A function of the veterinary management system is the calculation of the DDV provided price, weight and volume.

Distribution of PSBAs

The third criterion is the easy availability of the same item in the territory or via e-commerce.
If this is also distributed in pet shops or in the large-scale retail trade (mass distribution such as supermarkets) or other establishments within a 20-30 km radius at a price that is almost always significantly lower, the customer is unlikely to comment on the convenience of getting the product from the veterinarian.

Here trying to explain that it is not possible to compete with large-scale retail is completely useless.

The same is true for the online channel, which is growing in double or triple digits.

The ideal PSBA is one that is distributed exclusively by the veterinary channel or has dedicated packaging that makes it unique and not available elsewhere.

It is difficult because companies rightly favor large retailers, but there are some that focus precisely on developing the Pet Corner by offering well-characterized vet grade products that deserve our attention.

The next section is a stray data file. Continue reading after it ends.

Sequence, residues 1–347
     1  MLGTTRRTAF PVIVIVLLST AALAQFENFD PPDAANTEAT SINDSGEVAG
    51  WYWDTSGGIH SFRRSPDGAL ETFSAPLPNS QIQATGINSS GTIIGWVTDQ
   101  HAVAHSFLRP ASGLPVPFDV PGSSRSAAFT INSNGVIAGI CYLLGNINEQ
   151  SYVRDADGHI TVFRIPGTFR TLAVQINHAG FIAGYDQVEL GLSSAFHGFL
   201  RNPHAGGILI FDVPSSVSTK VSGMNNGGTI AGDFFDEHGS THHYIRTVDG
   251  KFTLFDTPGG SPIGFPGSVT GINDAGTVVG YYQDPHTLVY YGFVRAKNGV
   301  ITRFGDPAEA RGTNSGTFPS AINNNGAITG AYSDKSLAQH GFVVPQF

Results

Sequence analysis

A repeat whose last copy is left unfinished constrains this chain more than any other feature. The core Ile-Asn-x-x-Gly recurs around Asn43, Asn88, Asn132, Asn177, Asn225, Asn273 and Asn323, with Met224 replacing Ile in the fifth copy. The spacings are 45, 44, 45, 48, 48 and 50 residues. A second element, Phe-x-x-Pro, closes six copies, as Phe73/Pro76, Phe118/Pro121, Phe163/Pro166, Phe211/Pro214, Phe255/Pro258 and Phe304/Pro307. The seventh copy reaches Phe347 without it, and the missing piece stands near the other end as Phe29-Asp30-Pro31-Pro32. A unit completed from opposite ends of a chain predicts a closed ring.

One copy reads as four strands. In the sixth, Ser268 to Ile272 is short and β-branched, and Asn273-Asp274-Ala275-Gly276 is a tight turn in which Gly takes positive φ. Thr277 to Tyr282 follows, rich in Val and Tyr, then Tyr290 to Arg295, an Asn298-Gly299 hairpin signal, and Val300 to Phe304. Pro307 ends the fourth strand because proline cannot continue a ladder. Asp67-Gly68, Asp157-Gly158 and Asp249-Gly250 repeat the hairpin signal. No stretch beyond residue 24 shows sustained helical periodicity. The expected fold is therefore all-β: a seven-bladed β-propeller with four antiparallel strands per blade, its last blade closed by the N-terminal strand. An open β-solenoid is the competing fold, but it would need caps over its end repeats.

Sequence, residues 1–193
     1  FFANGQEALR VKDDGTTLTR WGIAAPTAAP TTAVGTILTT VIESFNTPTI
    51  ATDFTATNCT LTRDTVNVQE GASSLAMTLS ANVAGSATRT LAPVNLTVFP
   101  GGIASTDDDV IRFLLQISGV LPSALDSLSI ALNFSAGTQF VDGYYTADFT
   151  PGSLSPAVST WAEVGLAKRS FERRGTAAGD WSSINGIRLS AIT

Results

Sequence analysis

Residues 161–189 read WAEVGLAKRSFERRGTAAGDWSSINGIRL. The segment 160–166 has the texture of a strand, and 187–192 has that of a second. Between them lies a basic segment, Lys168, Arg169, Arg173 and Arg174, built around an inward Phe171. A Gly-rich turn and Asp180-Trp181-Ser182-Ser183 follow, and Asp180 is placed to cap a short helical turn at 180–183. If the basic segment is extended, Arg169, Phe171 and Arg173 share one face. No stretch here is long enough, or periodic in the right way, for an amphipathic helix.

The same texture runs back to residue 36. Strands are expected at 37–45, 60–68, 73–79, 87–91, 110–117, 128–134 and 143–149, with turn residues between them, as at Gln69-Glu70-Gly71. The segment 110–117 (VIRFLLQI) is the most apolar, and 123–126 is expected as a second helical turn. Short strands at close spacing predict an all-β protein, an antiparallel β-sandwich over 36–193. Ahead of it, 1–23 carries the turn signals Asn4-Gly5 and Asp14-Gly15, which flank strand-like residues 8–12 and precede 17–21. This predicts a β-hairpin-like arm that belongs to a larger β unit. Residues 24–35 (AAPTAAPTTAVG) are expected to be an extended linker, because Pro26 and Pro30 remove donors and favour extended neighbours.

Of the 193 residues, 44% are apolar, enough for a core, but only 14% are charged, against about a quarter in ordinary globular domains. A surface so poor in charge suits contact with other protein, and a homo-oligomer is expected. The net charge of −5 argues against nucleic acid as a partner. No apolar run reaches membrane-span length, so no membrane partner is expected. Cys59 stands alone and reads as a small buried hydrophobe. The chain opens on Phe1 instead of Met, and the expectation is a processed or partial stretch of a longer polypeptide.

Associated with the channel is the problem of competitiveness.

Even if the extra-pharmacy is not burdened by the VAT differential and this is always at 22%, we are generally losing out on price.

Therefore we either discard a priori the items in which we are not convenient in the eyes of the customer or negotiate better purchasing conditions with the supplier.


On the terms of purchase is based the margin estimate, which is the fourth evaluation criterion.
The margin, which is in a nutshell the difference between revenues and expenses, can be:

  • gross i.e. before taxes
  • net

and varies according to the tax regime they belong to, which can be flat-rate or ordinary for individuals and corporate for legal entities.